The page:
Risk of cardiovascular events after initiation of long-acting bronchodilators in patients with chronic obstructive lung disease: A population-based study

Almotasembellah Aljaafareh, Jose Ruben Valle, Yu Li Lin, Yong Fang Kuo, Gulshan Sharma

Research output: Contribution to journalArticlepeer-review

Abstract

Objectives: Long-acting bronchodilators are mainstay treatment for moderate to severe chronic obstructive pulmonary disease. A growing body of evidence indicates an increased risk of cardiovascular events upon initiation of these medications. We hypothesize that this risk is higher in patients with chronic obstructive pulmonary disease who had a preexisting cardiovascular disease regardless of receipt of any cardiovascular medication. Methods: A retrospective cohort of patients with a diagnosis of chronic obstructive pulmonary disease based on two outpatient visits or one inpatient visit for chronic obstructive pulmonary disease (International Classification of Diseases, 9th Edition, Clinical Modification codes 491.x, 492.x, 496) in any year between 2001 and 2012 from a commercial insurance database. We then selected those initiating long-acting bronchodilator treatments between April 2001 and September 2012. Each patient had a 1 year look back period to determine history of cardiovascular disease or cardiovascular disease treatment from the time of first prescription of long-acting beta agonist, long-acting muscarinic antagonist, or long-acting beta agonist combined with inhaled corticosteroids. Patients were followed for 90 days for hospitalizations or emergency department visits for cardiovascular event. The cohort was divided into four groups based on the presence of cardiovascular disease (including ischemic heart disease, hypertension, ischemic stroke, heart failure, tachyarrhythmias and artery disease based on International Classification of Diseases, 9th Edition, Clinical Modification codes) and cardiovascular disease treatment defined as acetylsalicylic acid, beta blockers, angiotensin-converting enzyme inhibitors, angiotensin receptor blockers, antiplatelet, anticoagulants, calcium channel blockers, nitrate, digoxin, diuretics, antiarrhythmics or statins. Odds of emergency department visit or hospitalization in the 90 days after prescription were examined using multivariable logistic regression models. Results: Of 61,651 eligible patients, 36,755 (59.6%) had cardiovascular disease and were on cardiovascular disease treatment (Group 1), 7250 (11.8%) had cardiovascular disease without cardiovascular disease treatment (Group 2), 4715 (7.7%) had no cardiovascular disease but had cardiovascular disease treatment (Group 3) and 12,931 (21%) had no cardiovascular disease and no treatment (Group 4). In these four groups, the unadjusted risk of emergency department visit or hospitalization for cardiovascular disease within 90 days of initiation was 5.45%, 2.95%, 1.55% and 0.96%, respectively. In multivariable analysis, the adjusted odds ratio with 95% confidence interval of emergency department visit/hospitalization for each of the first three groups to those with no cardiovascular disease and no treatment were 3.50 (95% confidence interval, 2.89–4.24), 2.15 (95% confidence interval, 1.71–2.70) and 1.36 (95% confidence interval, 1.01–1.82), respectively. Conclusion: The risk of cardiovascular events after initiation of long-acting bronchodilators is highest in patients with baseline cardiovascular disease and on cardiovascular disease medications. Clinicians should be cautious while prescribing these medications in patients with preexisting cardiovascular disease.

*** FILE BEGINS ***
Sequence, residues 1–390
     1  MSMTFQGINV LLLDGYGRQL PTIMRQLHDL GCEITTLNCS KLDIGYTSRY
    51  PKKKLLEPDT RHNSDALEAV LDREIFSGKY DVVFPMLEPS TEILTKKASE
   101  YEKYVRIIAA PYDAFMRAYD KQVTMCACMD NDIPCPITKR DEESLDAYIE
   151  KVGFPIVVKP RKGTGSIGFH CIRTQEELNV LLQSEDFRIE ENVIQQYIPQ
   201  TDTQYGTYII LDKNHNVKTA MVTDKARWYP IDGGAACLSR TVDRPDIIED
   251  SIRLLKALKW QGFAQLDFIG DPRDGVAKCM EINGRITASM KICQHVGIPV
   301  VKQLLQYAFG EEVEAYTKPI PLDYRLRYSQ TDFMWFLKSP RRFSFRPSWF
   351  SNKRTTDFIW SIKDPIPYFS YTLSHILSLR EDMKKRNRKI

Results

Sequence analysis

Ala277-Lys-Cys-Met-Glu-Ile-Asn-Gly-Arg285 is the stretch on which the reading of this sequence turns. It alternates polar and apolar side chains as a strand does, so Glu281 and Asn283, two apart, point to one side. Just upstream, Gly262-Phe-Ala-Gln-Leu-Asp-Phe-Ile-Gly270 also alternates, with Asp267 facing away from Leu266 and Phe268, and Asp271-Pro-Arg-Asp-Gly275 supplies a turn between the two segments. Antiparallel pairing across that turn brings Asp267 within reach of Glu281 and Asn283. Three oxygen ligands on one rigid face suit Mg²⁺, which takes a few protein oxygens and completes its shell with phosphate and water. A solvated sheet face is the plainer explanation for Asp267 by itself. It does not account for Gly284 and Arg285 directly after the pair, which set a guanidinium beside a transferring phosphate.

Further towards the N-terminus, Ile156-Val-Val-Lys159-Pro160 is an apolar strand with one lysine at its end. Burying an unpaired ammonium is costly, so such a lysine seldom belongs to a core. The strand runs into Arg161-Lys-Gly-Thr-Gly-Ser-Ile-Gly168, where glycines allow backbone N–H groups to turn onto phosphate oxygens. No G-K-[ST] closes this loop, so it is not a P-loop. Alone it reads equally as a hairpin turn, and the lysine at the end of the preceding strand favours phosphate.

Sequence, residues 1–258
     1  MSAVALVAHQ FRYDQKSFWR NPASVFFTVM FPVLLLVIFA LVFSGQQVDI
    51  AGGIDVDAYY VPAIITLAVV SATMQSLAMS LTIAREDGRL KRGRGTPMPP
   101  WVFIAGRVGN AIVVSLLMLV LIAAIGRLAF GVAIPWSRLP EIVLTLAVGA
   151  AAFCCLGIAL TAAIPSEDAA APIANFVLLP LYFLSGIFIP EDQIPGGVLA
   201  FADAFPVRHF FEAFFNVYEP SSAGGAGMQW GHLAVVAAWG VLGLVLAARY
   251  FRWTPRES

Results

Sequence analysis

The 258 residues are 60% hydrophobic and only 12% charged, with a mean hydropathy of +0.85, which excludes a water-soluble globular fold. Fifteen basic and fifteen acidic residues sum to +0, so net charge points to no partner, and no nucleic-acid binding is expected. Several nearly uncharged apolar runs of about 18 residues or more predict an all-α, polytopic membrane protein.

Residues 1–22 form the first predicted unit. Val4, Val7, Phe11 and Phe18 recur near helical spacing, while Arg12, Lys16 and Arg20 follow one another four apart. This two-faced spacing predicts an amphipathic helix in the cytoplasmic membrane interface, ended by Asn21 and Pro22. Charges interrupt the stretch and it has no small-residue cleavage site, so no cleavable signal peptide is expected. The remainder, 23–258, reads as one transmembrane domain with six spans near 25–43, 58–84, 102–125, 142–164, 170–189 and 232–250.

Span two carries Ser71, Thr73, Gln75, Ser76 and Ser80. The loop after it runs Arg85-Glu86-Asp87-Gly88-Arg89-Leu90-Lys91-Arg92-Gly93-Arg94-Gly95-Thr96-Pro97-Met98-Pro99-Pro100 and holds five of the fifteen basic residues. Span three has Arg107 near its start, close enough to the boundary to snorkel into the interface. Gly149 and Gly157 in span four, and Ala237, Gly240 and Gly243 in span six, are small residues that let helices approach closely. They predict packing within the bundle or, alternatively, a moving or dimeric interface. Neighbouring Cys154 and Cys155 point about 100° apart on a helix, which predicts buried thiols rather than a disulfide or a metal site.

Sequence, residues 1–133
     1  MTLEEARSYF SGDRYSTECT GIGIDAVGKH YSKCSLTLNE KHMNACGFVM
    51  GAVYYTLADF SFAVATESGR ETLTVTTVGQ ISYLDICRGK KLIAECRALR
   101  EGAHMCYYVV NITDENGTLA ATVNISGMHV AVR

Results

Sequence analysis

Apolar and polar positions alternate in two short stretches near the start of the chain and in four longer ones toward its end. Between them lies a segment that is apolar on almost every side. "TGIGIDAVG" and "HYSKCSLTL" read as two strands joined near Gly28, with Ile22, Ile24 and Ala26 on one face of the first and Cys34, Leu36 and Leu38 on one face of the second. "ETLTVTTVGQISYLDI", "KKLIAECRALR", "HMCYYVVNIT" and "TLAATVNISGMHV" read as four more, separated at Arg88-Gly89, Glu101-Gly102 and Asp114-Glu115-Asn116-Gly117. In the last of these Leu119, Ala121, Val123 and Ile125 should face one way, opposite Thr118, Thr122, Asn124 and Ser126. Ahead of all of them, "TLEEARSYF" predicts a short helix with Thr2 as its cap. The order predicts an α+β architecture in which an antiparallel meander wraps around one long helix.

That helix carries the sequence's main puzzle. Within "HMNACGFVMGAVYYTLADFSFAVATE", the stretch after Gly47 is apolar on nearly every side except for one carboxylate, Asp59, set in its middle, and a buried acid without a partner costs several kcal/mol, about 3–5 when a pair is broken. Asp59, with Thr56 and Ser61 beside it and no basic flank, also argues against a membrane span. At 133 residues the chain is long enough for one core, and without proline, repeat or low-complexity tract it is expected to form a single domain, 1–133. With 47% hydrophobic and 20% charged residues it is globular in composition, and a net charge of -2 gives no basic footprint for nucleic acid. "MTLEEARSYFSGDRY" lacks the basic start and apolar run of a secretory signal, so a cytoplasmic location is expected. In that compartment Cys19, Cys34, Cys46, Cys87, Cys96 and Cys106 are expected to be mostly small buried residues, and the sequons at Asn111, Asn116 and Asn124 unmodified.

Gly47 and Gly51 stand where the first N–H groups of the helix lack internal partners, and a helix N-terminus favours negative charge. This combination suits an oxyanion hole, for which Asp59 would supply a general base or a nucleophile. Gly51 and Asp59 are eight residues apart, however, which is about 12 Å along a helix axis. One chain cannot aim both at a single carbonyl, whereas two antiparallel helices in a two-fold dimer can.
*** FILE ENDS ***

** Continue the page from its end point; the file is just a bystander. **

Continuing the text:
Original languageEnglish (US)
JournalSAGE Open Medicine
Volume4
DOIs
StatePublished - 2016

Keywords

  • Cardiovascular disease
  • Chronic obstructive lung disease
  • Long-acting beta agonist
  • Long-acting beta agonist-inhaled corticosteroids
  • Long-acting bronchodilators
  • Long-acting muscarinic antagonist

ASJC Scopus subject areas

  • General Medicine

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